I did read and finish The Waves, which was still challenging but without the immersion I’m fairly certain I wouldn’t have finished it. The only disappointment is that I didn’t read it in order alongside the diary, because I haven’t got that far yet but I may dip into it again when I get there and see if I find it different.

 

Review of 2018

Woah! I read a LOT in 2018. 91 books so far and a week still to go. I’m not quite sure how I fitted all of this in, except that I’ve stopped cycling to work and now have tram time.

To be fair, two were novellas in flash, one was a short story in a single slim volume, and three were children’s books I read to E at bedtime (we’ve moved onto chapter books and these were all new to me so I included them). There was also a cookbook and a volume of poetry.

Still, that’s a lot of books. I didn’t finish three of them, but one of those was 300 pages in so a substantial chunk.

At the start of the year, I started to keep track of how many books I read each month and how many I buy, as well as library books, review books and so on. It was pretty interesting, most months I got through as many as I brought into the house until May when I had a ‘stop buying for a while woman!’ moment (this lasted a month) but then I did calm down and didn’t buy quite as many as I read.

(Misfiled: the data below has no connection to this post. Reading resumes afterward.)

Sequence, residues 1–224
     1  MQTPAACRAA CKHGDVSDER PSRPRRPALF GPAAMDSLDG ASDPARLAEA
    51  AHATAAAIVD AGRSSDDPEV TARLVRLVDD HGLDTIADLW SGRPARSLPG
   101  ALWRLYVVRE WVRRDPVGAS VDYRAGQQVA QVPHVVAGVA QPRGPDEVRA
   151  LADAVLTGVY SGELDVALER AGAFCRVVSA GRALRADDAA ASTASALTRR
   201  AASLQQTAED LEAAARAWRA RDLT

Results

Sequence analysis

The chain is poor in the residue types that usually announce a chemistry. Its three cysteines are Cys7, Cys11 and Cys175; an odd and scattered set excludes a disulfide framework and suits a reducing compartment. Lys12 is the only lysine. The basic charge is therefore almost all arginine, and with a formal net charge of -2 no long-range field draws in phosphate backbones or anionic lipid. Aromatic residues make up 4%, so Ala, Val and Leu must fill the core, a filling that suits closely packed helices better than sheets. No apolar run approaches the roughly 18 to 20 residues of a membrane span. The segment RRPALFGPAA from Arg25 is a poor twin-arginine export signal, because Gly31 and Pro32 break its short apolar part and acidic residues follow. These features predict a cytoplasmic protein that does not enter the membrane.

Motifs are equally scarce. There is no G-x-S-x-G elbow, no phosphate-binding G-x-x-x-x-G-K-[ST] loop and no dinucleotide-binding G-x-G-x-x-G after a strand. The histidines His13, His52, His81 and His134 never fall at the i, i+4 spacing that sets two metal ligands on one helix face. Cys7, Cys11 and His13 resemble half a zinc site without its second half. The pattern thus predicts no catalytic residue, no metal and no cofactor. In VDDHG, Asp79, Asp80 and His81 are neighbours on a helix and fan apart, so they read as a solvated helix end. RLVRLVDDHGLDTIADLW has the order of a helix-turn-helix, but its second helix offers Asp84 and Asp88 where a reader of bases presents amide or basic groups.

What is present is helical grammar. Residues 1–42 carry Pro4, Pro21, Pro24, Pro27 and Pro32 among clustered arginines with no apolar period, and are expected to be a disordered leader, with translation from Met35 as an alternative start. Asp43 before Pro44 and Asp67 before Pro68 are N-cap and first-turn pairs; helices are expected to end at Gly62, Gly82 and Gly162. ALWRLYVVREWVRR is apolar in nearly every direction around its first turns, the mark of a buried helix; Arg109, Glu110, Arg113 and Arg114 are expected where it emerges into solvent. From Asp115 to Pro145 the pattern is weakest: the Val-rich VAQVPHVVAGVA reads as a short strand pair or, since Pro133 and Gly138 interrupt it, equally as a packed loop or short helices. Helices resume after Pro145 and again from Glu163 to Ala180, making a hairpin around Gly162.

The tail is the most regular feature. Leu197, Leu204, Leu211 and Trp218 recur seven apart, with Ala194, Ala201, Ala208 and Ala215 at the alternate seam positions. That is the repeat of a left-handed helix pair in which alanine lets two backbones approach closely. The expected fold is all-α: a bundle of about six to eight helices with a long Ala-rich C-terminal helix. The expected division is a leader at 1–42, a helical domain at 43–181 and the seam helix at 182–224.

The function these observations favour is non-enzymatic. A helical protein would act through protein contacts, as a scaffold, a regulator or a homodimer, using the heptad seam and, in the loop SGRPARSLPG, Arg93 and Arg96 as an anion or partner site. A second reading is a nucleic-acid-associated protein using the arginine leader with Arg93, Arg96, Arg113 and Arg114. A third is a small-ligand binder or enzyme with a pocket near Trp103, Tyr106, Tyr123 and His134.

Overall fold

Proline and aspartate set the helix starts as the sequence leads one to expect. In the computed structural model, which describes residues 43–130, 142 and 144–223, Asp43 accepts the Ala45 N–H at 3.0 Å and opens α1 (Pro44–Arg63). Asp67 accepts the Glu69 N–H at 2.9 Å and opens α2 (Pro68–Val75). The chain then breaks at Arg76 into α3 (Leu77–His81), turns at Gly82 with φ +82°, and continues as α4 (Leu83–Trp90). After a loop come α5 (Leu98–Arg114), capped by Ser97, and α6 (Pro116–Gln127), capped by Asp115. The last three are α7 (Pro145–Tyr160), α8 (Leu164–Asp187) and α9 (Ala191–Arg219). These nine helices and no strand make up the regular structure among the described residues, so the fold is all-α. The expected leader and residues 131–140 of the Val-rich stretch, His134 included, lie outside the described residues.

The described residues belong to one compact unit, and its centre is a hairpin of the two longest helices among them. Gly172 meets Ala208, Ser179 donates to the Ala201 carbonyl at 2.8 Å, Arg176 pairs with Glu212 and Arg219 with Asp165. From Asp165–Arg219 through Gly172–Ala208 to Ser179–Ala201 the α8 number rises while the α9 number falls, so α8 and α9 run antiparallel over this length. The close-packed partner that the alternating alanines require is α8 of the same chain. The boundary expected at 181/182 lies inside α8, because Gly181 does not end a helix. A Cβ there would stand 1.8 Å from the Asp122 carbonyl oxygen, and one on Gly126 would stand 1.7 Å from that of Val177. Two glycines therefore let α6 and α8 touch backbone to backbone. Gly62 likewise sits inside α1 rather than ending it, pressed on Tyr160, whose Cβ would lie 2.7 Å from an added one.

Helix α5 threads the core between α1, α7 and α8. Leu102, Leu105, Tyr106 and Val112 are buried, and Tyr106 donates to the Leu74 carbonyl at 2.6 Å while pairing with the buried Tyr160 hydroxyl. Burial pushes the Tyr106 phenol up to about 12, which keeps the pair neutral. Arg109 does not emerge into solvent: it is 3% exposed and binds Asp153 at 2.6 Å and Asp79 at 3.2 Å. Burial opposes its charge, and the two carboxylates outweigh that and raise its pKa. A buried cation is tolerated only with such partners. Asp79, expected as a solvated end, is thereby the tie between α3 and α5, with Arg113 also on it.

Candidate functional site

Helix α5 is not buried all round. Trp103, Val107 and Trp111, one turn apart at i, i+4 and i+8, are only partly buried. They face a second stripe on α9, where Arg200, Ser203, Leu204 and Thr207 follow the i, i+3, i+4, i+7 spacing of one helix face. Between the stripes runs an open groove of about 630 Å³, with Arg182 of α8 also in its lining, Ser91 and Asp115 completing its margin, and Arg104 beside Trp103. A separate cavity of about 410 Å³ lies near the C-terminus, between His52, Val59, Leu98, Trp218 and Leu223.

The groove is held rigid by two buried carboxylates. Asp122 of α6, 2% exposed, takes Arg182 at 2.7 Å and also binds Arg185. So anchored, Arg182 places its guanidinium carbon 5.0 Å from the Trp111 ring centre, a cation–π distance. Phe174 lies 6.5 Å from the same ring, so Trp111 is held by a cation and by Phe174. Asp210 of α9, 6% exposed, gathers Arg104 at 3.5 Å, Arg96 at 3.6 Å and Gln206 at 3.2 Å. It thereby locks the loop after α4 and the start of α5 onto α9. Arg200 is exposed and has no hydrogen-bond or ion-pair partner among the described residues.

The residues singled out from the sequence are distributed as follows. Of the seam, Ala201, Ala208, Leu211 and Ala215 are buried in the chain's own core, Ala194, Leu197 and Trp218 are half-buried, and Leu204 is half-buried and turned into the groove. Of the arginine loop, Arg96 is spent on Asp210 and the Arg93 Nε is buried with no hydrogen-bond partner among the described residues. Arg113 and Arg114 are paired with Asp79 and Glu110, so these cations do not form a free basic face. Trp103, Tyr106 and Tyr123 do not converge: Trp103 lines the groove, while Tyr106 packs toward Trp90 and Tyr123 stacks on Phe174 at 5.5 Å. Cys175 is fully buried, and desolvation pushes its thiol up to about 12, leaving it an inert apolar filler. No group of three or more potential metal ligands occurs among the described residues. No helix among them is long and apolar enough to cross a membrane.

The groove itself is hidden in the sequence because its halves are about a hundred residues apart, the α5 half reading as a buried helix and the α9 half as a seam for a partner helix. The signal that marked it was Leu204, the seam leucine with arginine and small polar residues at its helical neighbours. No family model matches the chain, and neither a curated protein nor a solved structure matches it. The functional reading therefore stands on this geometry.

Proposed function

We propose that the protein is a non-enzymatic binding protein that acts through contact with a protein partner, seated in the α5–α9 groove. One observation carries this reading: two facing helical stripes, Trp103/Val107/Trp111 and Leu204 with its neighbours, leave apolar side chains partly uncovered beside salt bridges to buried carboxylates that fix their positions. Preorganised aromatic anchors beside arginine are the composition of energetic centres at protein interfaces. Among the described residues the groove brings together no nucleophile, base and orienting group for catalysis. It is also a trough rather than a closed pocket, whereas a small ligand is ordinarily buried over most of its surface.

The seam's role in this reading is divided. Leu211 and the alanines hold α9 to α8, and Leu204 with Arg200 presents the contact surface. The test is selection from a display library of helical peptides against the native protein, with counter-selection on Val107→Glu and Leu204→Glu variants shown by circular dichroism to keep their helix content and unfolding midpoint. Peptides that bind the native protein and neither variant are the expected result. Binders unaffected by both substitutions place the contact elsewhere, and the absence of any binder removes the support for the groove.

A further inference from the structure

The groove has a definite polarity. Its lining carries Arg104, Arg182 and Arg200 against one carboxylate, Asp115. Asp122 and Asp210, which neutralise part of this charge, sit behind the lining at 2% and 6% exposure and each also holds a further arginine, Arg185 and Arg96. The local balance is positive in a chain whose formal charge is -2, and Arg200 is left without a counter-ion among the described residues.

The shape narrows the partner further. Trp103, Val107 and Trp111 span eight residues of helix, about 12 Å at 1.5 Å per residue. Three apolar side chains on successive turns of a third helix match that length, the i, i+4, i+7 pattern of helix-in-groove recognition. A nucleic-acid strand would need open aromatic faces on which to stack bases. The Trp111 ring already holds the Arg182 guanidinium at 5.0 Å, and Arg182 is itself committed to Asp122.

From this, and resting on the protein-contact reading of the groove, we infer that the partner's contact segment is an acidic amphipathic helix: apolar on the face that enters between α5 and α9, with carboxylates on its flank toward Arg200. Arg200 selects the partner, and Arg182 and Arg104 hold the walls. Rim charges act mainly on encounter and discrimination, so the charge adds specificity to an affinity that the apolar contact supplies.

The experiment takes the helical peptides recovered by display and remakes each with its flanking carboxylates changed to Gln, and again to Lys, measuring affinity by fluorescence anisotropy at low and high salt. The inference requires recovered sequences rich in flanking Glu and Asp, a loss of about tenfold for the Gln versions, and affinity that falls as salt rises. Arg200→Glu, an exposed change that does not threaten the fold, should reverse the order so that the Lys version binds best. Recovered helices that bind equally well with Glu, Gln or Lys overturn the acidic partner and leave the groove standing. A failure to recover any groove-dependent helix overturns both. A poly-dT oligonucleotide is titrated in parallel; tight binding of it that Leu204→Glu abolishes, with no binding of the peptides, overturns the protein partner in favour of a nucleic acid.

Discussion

Stats time:

60 of the books were by women and 28 by men. The others were collections of short stories of both sexes.

I read 17 non-fiction, including two feminist cartoon (for want of a better word) books. The best of these were:

The Year of Magical Thinking by Joan Didion – a brutal memoir of the year after Didion’s husband died suddenly and her daughter was incredibly ill in a coma, and how Didion coped with all of this. It’s brutal because she was absolutely floored by her husband’s death and at times this feels like her focus when the reader wants her to focus on her daughter’s needs.